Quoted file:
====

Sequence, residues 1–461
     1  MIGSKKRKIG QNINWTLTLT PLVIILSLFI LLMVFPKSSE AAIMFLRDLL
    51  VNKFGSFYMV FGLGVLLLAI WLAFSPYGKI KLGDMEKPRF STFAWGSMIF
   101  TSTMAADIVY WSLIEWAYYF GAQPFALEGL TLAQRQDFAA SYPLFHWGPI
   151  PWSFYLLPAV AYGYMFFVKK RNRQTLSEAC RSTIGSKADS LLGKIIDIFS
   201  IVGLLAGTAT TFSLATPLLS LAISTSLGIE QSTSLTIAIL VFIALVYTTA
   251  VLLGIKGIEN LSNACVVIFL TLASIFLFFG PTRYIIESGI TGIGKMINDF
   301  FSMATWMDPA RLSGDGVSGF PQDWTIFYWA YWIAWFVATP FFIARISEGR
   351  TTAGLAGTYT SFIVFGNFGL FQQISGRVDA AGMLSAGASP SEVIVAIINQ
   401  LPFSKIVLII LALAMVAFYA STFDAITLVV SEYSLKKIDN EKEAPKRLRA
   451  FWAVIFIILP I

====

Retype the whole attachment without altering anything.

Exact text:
Sequence, residues 1–461
     1  MIGSKKRKIG QNINWTLTLT PLVIILSLFI LLMVFPKSSE AAIMFLRDLL
    51  VNKFGSFYMV FGLGVLLLAI WLAFSPYGKI KLGDMEKPRF STFAWGSMIF
   101  TSTMAADIVY WSLIEWAYYF GAQPFALEGL TLAQRQDFAA SYPLFHWGPI
   151  PWSFYLLPAV AYGYMFFVKK RNRQTLSEAC RSTIGSKADS LLGKIIDIFS
   201  IVGLLAGTAT TFSLATPLLS LAISTSLGIE QSTSLTIAIL VFIALVYTTA
   251  VLLGIKGIEN LSNACVVIFL TLASIFLFFG PTRYIIESGI TGIGKMINDF
   301  FSMATWMDPA RLSGDGVSGF PQDWTIFYWA YWIAWFVATP FFIARISEGR
   351  TTAGLAGTYT SFIVFGNFGL FQQISGRVDA AGMLSAGASP SEVIVAIINQ
   401  LPFSKIVLII LALAMVAFYA STFDAITLVV SEYSLKKIDN EKEAPKRLRA
   451  FWAVIFIILP I